I may be wrong, but I don’t think you can scaffold the transition from a hundred question mindset to a million question mindset. It’s not a matter of scaling up an existing cognitive routine. The existing cognitive routine is in the way, which is where the flailing comes from once it starts to fail. So I think you have to insistently make it impossible to scale the task down to a hundred questions and let the magnitude of that failure work its magic. At least that’s what I do, and it works often enough that the occasional tragic virtuoso of perfectionism looks like a sad but acceptable price to pay.

That’s a wrap

I just told a section of introductory World History they were going to make me cry, and let them out a half hour early.

Their second paper is due next week, so this week was for workshopping. My focus was on the analysis rubric: people, events, ideas, structures, dynamics. I had run through this several times over the course of the semester, not expecting them to learn it yet but just to get it familiar. (They don’t learn things until they need them for something. I’ve observed this over and over – we waste so much time teaching out of sequence with tasks! But I learned it first from Dyke the Elder years ago remarking that he’d had Calculus three different times but only learned it the third, because he needed it then for something else he was doing. Feynman says this in his famous lectures on physics, as well.)

Tuesday I asked the students to pull out their devices and look up structure and dynamics. Because the pump was primed, they found the ‘right’ definitions right away. We talked for a second about how these concepts could be helpful in organizing and making sense of the mass of information they’ve accumulated in their research. Then I pulled up one of their draft introductory paragraphs and we walked through it together, finding the people, events, ideas, structures, and dynamics it mentioned or implied. I diagrammed this all simply on the whiteboard as we went, and filled it up easily. I got the sense that this process really opened their eyes to how much was involved in even the simplest analyses.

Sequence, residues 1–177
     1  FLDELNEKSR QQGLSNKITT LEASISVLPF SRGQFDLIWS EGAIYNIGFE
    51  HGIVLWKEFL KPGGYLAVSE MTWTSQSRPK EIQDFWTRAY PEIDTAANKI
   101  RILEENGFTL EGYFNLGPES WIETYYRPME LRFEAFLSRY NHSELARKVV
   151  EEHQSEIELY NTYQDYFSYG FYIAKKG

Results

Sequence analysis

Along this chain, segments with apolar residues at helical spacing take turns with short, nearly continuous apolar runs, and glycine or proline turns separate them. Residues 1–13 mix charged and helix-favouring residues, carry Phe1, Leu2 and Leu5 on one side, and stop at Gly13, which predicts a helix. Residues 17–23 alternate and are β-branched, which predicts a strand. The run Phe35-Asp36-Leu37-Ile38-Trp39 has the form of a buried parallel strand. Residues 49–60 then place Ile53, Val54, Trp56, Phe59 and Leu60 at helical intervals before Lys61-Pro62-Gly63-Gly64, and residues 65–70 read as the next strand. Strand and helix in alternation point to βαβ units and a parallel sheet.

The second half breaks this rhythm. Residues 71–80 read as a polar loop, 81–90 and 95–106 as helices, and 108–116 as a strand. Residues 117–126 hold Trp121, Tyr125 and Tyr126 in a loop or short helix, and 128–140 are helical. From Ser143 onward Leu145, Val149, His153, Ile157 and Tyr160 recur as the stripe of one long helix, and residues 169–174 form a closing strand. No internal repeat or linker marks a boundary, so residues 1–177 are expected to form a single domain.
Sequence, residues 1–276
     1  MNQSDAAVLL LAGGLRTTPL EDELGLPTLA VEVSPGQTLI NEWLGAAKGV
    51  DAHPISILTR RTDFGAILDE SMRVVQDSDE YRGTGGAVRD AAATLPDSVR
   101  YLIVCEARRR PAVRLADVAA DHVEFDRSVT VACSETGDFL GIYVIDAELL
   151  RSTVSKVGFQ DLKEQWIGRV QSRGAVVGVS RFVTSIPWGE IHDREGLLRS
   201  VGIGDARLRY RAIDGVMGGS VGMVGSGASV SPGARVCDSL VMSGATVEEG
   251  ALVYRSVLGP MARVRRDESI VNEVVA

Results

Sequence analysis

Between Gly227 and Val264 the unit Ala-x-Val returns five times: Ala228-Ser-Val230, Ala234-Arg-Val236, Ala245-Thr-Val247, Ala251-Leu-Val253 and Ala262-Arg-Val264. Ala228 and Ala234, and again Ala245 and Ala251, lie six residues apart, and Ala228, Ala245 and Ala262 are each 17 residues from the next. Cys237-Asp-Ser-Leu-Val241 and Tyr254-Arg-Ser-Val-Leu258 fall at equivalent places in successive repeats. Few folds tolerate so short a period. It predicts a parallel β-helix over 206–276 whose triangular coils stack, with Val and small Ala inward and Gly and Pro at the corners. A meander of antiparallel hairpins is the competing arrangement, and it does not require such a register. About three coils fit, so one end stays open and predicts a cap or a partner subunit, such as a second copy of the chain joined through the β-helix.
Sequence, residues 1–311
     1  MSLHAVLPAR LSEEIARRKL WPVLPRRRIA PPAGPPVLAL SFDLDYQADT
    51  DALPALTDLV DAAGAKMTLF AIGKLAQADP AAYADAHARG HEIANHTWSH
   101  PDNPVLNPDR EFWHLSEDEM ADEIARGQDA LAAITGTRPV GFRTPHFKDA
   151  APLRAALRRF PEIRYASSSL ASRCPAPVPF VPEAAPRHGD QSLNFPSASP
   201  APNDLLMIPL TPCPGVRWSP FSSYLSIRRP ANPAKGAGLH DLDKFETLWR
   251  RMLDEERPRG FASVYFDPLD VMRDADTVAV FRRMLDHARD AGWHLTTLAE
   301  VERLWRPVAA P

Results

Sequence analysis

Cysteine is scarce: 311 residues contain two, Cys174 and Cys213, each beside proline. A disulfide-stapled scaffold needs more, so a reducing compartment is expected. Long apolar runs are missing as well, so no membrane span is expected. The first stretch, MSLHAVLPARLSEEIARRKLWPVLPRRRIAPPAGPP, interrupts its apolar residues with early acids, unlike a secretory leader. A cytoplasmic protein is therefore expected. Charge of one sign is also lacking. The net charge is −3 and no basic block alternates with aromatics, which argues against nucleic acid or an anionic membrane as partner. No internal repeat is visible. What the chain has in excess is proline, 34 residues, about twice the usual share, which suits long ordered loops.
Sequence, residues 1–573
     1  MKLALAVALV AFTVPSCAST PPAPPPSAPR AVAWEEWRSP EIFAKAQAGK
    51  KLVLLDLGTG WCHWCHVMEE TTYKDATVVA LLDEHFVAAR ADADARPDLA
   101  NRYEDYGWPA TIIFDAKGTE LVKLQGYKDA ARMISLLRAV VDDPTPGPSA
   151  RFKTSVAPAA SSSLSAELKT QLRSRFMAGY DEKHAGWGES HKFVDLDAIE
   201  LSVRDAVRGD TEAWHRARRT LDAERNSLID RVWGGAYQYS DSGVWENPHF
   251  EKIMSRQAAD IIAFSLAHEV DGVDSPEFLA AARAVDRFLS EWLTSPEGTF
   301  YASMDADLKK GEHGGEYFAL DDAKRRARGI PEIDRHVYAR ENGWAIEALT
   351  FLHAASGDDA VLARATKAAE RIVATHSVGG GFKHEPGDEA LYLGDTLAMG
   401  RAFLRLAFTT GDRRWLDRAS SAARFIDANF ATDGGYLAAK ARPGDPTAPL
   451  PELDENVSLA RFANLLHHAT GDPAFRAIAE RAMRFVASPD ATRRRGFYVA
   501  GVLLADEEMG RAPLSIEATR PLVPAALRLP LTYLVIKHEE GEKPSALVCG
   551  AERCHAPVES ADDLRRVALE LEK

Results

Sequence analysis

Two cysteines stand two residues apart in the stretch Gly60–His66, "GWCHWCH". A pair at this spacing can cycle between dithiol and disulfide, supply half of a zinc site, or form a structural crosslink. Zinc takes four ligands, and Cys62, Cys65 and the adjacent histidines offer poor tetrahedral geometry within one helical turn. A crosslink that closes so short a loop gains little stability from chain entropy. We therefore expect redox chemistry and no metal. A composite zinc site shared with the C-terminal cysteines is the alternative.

Today we pulled up another paragraph, and with very little prompting they did the same exercise with it. The topic was Nazi propaganda, and the author had already figured out that their project was more about redirection than persuasion. By the end, we were talking about feed-in and feedback dynamics among citizens, the army, and the party. It was way cool.

I asked the whole group what they were learning for their own work from the discussion of their classmates’. One said it was seeing its research in a whole new light, as a way to figure things out rather than just amass and spout information. Another said it was now seeing a whole series of connections between its research and the rest of the class. A third chimed in that it was like we were writing a textbook together.

I asked if they wanted to workshop another paragraph and they said no, we’re ready. Which I thought was a good place to stop for the day.

A good problem to have